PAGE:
Sleep Efficiency in a Cohort of Elite Level Soccer players

T Simper1, T Lynn, S Bowles1, L Taylor2, L Walton-Taylor1

1Sheffield Hallam University, UK

2Robert Gordon University, UK

We recorded sleep parameters via wrist worn accelerometers (GENEActiv) for 7 days in 14 elite level male soccer players in the middle of the 2016/17 football season. For comparison, we also collected 7-days of sleep data from 14 similar aged male, non-obese, physically active undergraduate University students, with no reported sleep problems. We sought to combine sleep duration and efficiency to rate sleep as either: ‘good’ ‘average’ or ‘poor’. Individuals were classified as having good sleep quality based on an efficiency ≥85%, and duration of ≥420min. Poor sleep quality was based on an efficiency ≤ 75% or duration ≤ 360min. The remaining individuals were therefore classified as having average sleep quality. We also measured dietary intake levels via 7-day dietary inventory for both groups during the week of sleep analysis. The footballers and students returned 67 and 70 nights of sleep data respectively. The mean average sleep efficiency for the footballers was very similar to that of the students (79% v 79%; P = 0.67). In this group of academy level football players only 21% of the sample recorded sleep data would qualify as ‘good’ with 42% as ‘average’ and 37% as poor. This compares to the students’ sleep which was 20%, 37% and 43%, for good, average and poor respectively. The data were assessed as not meeting parametric requirements and subsequently between-group comparisons were carried out using Mann-Whitney U tests for: total energy, carbohydrate, fat, protein, caffeine, tryptophan and alcohol intakes. These were all not significantly different, with the exception of protein which was higher in the football players (P = 0.009). In conclusion, the two groups appear similar in terms of sleep quality. Football players, who are required to recover efficiently from exercise and have high levels of concentration, have high levels of ‘poor’ and ‘average’ sleep quality. Interventions, such as sleep hygiene protocols, may improve sleep quality in football players (and students). Given that the shift needed for most of the cohort to move into the ‘good’ category is small in percentage terms, a relatively mild intervention may help football players make that shift.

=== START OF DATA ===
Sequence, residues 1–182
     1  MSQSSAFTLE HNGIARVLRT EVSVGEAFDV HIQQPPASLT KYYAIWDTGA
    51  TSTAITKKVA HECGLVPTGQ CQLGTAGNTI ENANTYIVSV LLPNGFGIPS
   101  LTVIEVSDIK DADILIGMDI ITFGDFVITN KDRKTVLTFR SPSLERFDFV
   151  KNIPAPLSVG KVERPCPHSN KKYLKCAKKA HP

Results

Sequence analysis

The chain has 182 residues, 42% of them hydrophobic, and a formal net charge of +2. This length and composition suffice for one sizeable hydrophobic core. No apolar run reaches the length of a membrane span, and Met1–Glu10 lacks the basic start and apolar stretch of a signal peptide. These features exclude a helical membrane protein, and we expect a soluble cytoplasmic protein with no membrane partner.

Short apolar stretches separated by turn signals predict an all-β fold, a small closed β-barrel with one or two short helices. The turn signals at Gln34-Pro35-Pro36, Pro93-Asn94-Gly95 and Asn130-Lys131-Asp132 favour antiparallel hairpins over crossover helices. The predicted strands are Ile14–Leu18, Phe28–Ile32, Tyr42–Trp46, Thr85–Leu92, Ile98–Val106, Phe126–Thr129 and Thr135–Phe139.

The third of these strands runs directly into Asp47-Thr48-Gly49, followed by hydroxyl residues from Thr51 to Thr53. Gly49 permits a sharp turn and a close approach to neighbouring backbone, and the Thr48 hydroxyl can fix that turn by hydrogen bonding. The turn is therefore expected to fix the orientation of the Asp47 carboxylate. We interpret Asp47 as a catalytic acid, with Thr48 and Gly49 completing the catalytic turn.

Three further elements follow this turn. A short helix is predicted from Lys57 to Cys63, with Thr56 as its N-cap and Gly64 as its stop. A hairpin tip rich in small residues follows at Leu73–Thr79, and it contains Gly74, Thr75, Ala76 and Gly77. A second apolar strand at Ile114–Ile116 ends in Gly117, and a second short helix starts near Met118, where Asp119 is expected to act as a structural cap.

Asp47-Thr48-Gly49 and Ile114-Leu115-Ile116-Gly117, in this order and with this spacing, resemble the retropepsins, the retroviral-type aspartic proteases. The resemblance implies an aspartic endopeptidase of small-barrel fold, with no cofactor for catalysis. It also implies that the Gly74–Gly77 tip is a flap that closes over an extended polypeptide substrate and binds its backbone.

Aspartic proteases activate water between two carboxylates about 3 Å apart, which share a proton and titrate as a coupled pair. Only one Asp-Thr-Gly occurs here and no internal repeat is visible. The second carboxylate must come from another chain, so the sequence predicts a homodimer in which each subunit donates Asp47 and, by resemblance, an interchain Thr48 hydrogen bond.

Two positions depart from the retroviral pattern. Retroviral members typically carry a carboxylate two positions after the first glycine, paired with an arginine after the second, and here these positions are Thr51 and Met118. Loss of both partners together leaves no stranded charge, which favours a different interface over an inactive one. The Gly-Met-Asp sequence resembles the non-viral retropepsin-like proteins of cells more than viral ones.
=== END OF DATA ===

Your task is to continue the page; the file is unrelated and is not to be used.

Deviation in Predicted and Calculated Resting Metabolic Rates (RMR): Closing the Gap. A Case Study From an Elite British Judoka

L Bloor1, R Cloak2, K Staddon1

1British Judo, British Judo Association, Wolverhampton University, Walsall Campus, Walsall, UK

2Departments of Sport and Exercise Science, Wolverhampton University, Walsall Campus, Walsall, UK

Judo is an Olympic Combat Sport where intense competition schedules require frequent energy deficits to enable judokas to make weight. Daily energy deficits must then be increased to match total daily energy expenditure during non-weight making phases to maintain high energy availability and ensure optimal health and performance. Failure to do this can lead judokas to maintain a long-term energy restriction, which over time has shown to be accompanied by metabolic and endocrine adaptations that can prevent further weight loss in order to conserve energy. This may then lead to a cycle of continued energy deficit by either reducing energy intake further or increasing energy expenditure leading to chronic energy deficits and in some instances putting them on the spectrum for relative energy deficit (RED-S). Deviations in predicted and calculated resting metabolic rate (RMR) has been used to measure the suppression of RMR caused by such adaptations that occur in chronically energy deficient athletes. Lower than expected RMR’s have been reported in elite female rowers and endurance athletes and correlates closely with low energy availability. This case study outlines the approach taken to help an elite female judoka showing symptoms of RED-S to increase energy intake to support performance and reduce the risks associated with frequent weight making.